In October 2012, while speaking at a programme in the city, Banerjee had accused the media of glorifying rape and pointed to the more permissive society.
"Earlier, if men and women held hands, parents would reprimand them. Now everything is done openly. It's like an open market with open options," Banerjee had said.
7. Women shouldn't venture out in dark
After the raging protests against the gang-rape of Delhi girl, former Andhra Pradesh Congress chief Botsa Satyanarayana unmasked his "dark" side, saying, "Just because India achieved freedom at midnight does not mean that women can venture out after dark. They should ensure that they do not board buses with few passengers."
8. Boys and girls should marry at an early age to decrease incidents of rape
Haryana's former chief minister Om Prakash Chautala backed the theory made by khap panchayat in 2012. A member of one khap panchayats had come out with a bizarre suggestion that the marriageable age limit for women should be abolished, and girls should be married off as early as possible to decrease incidents of rape.
"Boys and girls should be married by the time they turn 16-year-old, so that they do not stray... this will decrease the incidents of rape," Sube Singh, a Khap representative, had said earlier.
To which Chautala said, "People used to marry their girls to save them from Mughal atrocities and currently a similar situation is arising in the state. I think that's the reason khap has taken such a decision and I support it."
9. I will send my boys and they will rape people
Actor and TMC MP Tapas Pal was caught on tape threatening to let loose rapists on his opposition, during a speech in a Choumaha village in West Bengal. Pal said, "If anyone from opposition or their wives and sisters are here, then listen up, if any one of your people touch anyone from TMC I will destroy you, I will not spare them. I will send my boys and they will rape people."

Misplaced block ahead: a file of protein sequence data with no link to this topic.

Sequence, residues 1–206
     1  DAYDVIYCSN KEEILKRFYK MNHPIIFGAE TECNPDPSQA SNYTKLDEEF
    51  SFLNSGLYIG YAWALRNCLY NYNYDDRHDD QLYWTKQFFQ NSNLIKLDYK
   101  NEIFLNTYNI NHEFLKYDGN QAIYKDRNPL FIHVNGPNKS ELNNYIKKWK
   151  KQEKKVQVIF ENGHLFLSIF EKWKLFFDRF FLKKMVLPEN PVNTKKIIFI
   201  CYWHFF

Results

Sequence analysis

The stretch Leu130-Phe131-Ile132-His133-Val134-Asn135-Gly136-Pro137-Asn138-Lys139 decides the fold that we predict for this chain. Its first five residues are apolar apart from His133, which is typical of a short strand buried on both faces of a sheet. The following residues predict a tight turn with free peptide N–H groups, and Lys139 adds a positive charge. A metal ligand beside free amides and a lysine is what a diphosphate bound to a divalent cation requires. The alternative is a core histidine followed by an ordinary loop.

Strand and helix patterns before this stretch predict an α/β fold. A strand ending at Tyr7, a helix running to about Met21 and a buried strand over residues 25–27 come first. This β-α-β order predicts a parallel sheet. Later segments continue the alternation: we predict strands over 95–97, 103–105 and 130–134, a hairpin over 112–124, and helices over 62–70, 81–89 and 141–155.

10. Rapes are sometimes right
After the horrific Badaun rapes in 2014, there was a slew of insensitive remarks from some of the most senior politicians in India. SP Chief Mulayam Singh Yadav was seen warming up to rapists by saying 'boys make mistakes' before the general elections and UP CM Akhilesh Yadav was seen live on TV telling a female journalist that she was safe when questioned about the safety of women in the state.
To add to the misery, home minister of MP Babulal Gaur was quoted saying, "This is a social crime which depends on men and women. Sometimes it's right, sometimes it's wrong."
11. Should have committed rape after the elections
Former home minister RR Patil drew ire from across the country after making a controversial remark. Three days before the Maharashtra assembly elections 2014, NCP leader RR Patil had stirred up a controversy by making a shocking statement at a rally in Sangli.
Patil said that a certain MNS candidate Sudhakar Khade charged with rape should have committed the crime after the elections.
He said, "When I spoke to people here (Sangli), they said they supported me. When I asked why, they said because our candidate from the MNS is in jail because he has been accused of rape." To which, Patil replied, "If he wanted to contest from this seat and become an MLA, he should have committed the crime after the elections."
12. Ninety per cent of rapes are consensual
Haryana Pradesh Congress Committee (HPCC) member Dharamvir Goyat brought up an embarrassment for the government by terming the "majority of rapes in the state as consensual".
Goyat made this comment while interacting with media-persons at Hisar.
"If we go into the details of rape cases and abductions, it is found that victims and accused in 90% of cases are runaway couples. So the cases are consensual", he said.
13. Chowmein leads to hormonal imbalance evoking an urge to indulge in such acts
And you thought a plate of greasy chowmein leads to only bad stomach? Think again. After a series of 19 rapes happening within 30 days, Haryana Khap Panchayat Leader had a rather unusual explanation that you may not digest well. According to one of its "study's" findings, chowmein was one of the culprits.
Chhatar explained, "Chowmein leads to hormonal imbalance, evoking an urge to indulge in acts such as rape and sex. You also know the impact of chowmein, which is a spicy food, on our body. Hence, our elders too advised to eat light and nutritious food."
14. If women dress provocatively, then rapes are not in the control of the police
In 2011, Dinesh Reddy, former police chief of Andhra Pradesh blamed the "provocative" dresses for rapes. He said, "Now, wealth has increased, corporate styles have seeped into the villages bringing in liquor and other cosmopolitan cultures."
"These modern women are more vulnerable to rapes.
He further added, "When you are taking food which gives good josh (energy), you tend to be more naughty as time passes. I am giving you down-to-earth facts. Rapes are not in the control of the police. Even the villagers from coastal Andhra are wearing salwar-kameez (as against traditional dress). All these things provoke."